I’m a dyed in wool Mac User, so for me USB3 hardly came into view. I do remember watching a USB3 demo on a Mac where it displayed sub- FW800 performance – and decided to leave it at that. However, the continuing need to pass on my video work to PC users for archive, and the achingly slow performance of USB2, forced me to at least check it out for myself. At least it would give me something to do whilst waiting for sensibly priced Thunderbolt storage and cables.
After all, the Mac world is still full of USB2 devices: cheap, slow hard drives and computationally undemanding stuff like mice and keyboards. Little USB sticks for storage to perpetuate ‘sneakernet’ file sharing. There is of course, that funny USB3 sticker on most PC drives that claims high performance and that may be good enough for our PC using brethren, but we’re Mac users – why not sidestep the USB3 ‘upgrade’ for the super fast world of Thunderbolt?
That’s the mindset that Apple appears to want us to hold.
But the new set of Ivy Bridge equipped Macs will get, courtesy of their new chip set, USB3 functionality. Will Apple connect this functionality into the OS? Or will they find a way to block it? Should we care?
The world of PCs has been using USB3 for quite a while, scratching their heads over the Mac user’s obsession with FireWire and the ‘Unicorn poop’ status of Thunderbolt. Why are Mac users so precious about FireWire? USB3 blows it out of the water! They want Thunderbolt speeds – for what? And connect them with $50 cables? If the devices are blessed with pass-thru ports – which so many aren’t? (see sidebar below) USB3 has hubs!
I purchased the CalDigit USB3 card which fits into the ExpressCard slot of my MacBook Pro 17” – the choice of CalDigit is significant, as it’s the only one that’s touted to work with pretty much any USB3 drive – other manufacturers of USB3 cards tend to only work with their own drives and thus missing the meaning of the U in USB.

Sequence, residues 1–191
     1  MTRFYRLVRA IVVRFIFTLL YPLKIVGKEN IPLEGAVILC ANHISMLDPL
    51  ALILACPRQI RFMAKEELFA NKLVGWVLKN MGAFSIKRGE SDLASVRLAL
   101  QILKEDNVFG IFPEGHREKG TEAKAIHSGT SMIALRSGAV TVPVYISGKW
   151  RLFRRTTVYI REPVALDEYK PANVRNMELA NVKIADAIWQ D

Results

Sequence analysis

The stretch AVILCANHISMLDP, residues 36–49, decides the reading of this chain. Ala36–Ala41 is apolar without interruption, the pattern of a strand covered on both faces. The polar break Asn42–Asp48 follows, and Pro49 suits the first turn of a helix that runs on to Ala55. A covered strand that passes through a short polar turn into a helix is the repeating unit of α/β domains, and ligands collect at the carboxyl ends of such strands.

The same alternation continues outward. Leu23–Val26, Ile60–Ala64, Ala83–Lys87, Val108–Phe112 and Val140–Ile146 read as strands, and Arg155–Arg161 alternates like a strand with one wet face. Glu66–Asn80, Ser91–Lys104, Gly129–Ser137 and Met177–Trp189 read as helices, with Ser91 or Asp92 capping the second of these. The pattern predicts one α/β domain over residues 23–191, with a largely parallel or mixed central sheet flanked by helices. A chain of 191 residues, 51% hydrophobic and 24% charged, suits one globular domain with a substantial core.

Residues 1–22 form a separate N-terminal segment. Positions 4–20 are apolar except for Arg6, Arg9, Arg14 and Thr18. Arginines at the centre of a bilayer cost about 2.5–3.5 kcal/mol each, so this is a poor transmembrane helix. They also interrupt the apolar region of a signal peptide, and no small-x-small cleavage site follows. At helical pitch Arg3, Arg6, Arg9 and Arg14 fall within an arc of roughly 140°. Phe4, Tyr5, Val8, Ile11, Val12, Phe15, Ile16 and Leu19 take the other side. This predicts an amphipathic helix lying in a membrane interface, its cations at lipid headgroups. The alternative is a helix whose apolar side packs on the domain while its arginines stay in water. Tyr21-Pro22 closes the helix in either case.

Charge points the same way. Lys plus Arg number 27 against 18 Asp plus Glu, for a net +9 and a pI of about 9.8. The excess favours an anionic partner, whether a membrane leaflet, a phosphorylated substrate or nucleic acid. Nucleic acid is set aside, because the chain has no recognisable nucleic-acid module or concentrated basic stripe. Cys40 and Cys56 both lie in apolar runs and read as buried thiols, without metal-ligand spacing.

I’m used to working on FW800 drives, and so intended to use cheaper USB3 bus powered disks for backup and for handing over to clients, who could use them on their PCs. However, when used as the main working drive with a disk intensive application like Final Cut Pro, it was obvious that the USB3 drive was a lot faster. FCPX was running far better on USB3 than on FW800.
Enthused by this, I did a quick series of tests of drive performance with the Blackmagic Disk Speed Test app, available for free from the App Store. And so, in reverse order, here are the results:
|Drive||Write (MB/s)||Read (MB/s)|
|Slow, cheap USB2 drive||21.6||26.2|
|Western Digital Passport SE (USB2)||30.1||32.8|
|LaCie Quadra 7200rpm 2TB on FW800||46.6||44.5|
|Crucial 256GB SSD on FW800||75||81.6|
|Western Digital Passport SE (USB3)||96.3||108.4|
|Internal 512 GB SSD in MacBook Pro 17”||88.8||167.0|
Of course, what’s missing from this test is the ultimate: SSD in Thunderbolt drive, but these are still eyewateringly expensive.
The £75 Western Digital drives represent the kind of value we’ve been used to with spinning disks, and I can affirm that they work very well with Final Cut Pro 10 – the WDs on USB3 have been my drive of choice for onsite editing, with the added advantage that they’re cheap and compatable and can be passed over to the client without too many caveats (having archived to other drives).
Is USB3 better than Thunderbolt? No – it’s a different beastie. Should we give up on Thunderbolt for USB3? Of course not.
Should Apple now accept USB3 as a non-competitve alternative for non-specialist media use? Of course.
In the days of Steve Jobs, I’d fear that USB3 would be disabled in the new Macs in a fit of pique. The adoption of USB3 in the new Macs would demonstrate a more universal approach from Tim Cook et al.
At least CalDigit offer the option to MacBook Pro 17” users – and for everyone else, there is, of course, the Thunderbolt adaptor for Express Cards. Oh the irony.
Side bar: Thunderbolt devices can be powered via the cable from the host, but only one device per port. So, Thunderbolt powered devices do not have a passthrough port. Powered devices can have passthrough ports, but these are a rarity as most manufacturers seem to feel a single Thunderbolt port is enough.
However, when you’re paying top dollar for a new technology, the idea that a device will only work as the single device on the chain is frankly anathema. Video ingest device with no pass through to a storage device? Storage device with no pass through to a display device? No wonder Thunderbolt is taking its time to get accepted when device manufacturers assume their product will exist in its own lonesome prefecture.